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Laboratoire d'InfoRmatique en Image et Systèmes d'information

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Laboratoire d'InfoRmatique en Image et Systèmes d'information
UMR 5205 CNRS / INSA Lyon / Université Claude Bernard Lyon 1 / Université Lumière Lyon 2 / École Centrale de Lyon
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Maël Minot


PhD student

Team Geometry Processing and Constrained Optimization
Institution Institut National des Sciences Appliquées de Lyon
Location Blaise Pascal (INSA)
E-mail mael.minot at
Contact details Publications Thesis
Subject Searching for a maximum common induced subgraph by decomposing the CSP's microstructure
Abstract The concept of similarity between objects plays a key role in many fields, such as image processing, pattern recognition, and machine learning. Since a great variety of objects can be efficiently modelled with graphs, the size of the biggest common subgraph in two given graphs can give valuable information regarding the similarity between the objects that these graphs represent. However, the search for such a subgraph is an outstandingly difficult problem. [Conte, Foggia and Vento, 2007] showed that the best approach choice often depends on the properties of the compared graphs.
Constraint programming has recently been used to solve this problem and yielded promising results ([Ndiaye and Solnon, 2011], [Vismara, 2011]...). It induces a simple representation using a finite set of variables with finite domains, along with a set of constraints. In this context, this thesis objective is to take advantage from the structure of the compared graphs to fasten the resolution process, especially in three ways:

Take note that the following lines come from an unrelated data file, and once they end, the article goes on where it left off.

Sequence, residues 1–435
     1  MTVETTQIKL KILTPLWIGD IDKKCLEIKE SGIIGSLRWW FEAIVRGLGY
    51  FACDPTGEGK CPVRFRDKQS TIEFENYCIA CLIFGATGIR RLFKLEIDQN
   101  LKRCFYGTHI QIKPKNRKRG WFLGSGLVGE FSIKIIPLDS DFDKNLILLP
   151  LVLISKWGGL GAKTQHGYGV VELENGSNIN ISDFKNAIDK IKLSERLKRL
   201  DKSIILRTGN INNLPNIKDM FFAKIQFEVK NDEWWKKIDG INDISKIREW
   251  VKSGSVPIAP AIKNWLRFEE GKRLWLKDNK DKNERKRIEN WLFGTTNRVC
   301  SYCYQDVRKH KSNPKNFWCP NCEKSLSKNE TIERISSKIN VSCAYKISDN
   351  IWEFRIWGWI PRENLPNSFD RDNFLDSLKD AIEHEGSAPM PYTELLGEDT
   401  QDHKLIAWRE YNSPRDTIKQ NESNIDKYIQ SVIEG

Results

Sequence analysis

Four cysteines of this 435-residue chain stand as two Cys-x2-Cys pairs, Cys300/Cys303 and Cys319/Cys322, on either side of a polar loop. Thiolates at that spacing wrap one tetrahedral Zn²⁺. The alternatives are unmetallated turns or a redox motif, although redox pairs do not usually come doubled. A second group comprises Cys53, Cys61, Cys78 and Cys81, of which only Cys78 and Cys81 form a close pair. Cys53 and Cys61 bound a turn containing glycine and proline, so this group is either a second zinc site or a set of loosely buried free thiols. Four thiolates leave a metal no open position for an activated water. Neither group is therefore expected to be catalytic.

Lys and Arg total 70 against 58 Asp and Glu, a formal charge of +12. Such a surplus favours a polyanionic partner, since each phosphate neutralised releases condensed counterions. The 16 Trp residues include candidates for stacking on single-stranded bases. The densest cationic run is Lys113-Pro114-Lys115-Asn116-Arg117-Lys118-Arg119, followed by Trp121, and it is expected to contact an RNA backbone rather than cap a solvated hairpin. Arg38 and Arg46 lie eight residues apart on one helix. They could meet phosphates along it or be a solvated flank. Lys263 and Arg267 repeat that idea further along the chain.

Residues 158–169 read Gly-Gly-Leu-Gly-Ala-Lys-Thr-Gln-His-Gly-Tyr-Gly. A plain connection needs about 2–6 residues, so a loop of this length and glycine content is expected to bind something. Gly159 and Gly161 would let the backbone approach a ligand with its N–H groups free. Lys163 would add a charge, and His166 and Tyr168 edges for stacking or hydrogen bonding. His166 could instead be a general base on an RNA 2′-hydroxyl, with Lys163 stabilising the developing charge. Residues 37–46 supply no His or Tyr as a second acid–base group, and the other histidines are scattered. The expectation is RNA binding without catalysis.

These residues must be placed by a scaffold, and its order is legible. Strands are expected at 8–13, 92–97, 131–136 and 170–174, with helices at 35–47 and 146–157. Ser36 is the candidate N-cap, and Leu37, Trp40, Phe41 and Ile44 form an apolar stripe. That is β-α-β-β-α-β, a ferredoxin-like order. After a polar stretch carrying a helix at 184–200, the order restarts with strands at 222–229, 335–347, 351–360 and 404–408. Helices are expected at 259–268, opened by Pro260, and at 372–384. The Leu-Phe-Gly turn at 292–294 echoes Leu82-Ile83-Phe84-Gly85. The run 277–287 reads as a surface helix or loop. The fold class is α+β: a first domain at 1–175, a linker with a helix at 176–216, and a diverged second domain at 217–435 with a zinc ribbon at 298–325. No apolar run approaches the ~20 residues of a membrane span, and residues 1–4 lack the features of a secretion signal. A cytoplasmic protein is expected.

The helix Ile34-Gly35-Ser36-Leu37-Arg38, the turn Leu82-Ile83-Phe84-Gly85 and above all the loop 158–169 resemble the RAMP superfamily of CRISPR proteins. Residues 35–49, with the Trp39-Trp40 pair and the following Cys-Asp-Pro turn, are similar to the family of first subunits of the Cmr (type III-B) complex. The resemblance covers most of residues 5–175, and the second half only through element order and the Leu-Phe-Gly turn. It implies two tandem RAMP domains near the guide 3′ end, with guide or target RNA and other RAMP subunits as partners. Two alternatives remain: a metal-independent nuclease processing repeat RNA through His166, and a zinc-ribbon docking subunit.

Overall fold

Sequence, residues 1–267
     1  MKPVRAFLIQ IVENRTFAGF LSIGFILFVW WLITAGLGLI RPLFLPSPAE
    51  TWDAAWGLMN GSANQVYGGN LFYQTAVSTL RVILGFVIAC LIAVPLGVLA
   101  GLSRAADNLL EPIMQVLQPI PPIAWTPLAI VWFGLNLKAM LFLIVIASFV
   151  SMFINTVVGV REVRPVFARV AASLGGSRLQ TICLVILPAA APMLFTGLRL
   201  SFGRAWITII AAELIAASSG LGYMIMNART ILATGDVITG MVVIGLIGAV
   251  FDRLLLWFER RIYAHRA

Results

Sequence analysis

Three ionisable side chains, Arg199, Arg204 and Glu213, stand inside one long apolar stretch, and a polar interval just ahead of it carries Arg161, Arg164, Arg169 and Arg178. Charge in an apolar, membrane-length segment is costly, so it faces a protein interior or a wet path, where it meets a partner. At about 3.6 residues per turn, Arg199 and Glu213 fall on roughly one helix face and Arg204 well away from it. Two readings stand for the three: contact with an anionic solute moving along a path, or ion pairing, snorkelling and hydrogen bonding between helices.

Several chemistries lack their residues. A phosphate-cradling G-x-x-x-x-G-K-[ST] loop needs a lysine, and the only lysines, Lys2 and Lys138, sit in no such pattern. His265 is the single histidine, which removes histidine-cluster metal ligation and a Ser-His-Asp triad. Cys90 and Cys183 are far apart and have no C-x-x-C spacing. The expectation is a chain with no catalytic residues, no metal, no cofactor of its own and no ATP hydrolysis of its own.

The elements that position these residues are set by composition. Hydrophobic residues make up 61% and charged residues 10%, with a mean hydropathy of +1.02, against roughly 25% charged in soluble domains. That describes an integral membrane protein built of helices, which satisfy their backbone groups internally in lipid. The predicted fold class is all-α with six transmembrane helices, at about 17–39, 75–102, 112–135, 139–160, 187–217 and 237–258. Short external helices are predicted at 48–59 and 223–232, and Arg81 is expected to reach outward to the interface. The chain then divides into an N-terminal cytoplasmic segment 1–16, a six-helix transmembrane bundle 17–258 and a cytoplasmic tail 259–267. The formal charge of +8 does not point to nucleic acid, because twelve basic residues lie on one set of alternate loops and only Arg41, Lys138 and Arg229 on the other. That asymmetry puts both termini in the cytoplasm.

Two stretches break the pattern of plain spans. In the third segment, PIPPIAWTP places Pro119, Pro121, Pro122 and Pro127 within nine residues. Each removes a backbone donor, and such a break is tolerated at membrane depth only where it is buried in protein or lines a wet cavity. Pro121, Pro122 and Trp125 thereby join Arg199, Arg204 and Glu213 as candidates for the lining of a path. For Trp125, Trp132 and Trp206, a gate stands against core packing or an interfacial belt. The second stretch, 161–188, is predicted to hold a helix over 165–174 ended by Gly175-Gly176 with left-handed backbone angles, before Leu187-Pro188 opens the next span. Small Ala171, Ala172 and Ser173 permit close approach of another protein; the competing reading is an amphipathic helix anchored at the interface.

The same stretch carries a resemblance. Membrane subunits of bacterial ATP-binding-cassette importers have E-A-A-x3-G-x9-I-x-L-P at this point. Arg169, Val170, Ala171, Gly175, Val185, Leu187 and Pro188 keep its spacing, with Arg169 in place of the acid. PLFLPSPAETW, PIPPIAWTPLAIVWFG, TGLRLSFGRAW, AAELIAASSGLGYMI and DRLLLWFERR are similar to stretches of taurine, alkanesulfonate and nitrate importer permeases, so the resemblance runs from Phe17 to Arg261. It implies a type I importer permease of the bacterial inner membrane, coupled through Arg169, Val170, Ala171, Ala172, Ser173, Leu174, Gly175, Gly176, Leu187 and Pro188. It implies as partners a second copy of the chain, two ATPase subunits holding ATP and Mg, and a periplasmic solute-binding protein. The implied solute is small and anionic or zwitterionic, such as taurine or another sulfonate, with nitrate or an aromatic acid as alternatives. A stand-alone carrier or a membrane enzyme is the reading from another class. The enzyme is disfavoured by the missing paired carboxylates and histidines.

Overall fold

1) The microstructure of a CSP is a graph built to represent the compabilities between possible affectations. An improvement of the method presented in [Ndiaye and Solnon, 2011] will consist in using this microstructure to decompose the variables' domains and define several completely independent subproblems which may be solved seperately. To compute such a decomposition, every maximal clique of the microstructure must be found. However, there may be an exponnential number of such cliques. To limit this number, the microstructure can be triangulated ([Jégou, 1993], [Chmeiss and Jégou, 1997], [Ndiaye, 2005]). We will also consider the possibility of using 2-triangulation, which tends to be much more costly.
2) Techniques of tree-decomposition can improve the resolution process for structured CSPs ([Jégou and Terrioux, 2003]) by identifying subgraphs corresponding to strongly linked variables. In the context of the search for biggest subgraphs, these techniques may be useful to locate similar parts in the compared graphs in order to build solutions more efficiently.
3) In many applications, graphs contain automorphisms corresponding to symmetries that make the search space grow significantly. The third objective is to integrate symmetry-breaking techniques using the work of [Vismara and Coletta, 2012].
Advisor Christine Solnon
Advisor Samba Ndojh Ndiaye

Last update : 2016-02-04 13:08:23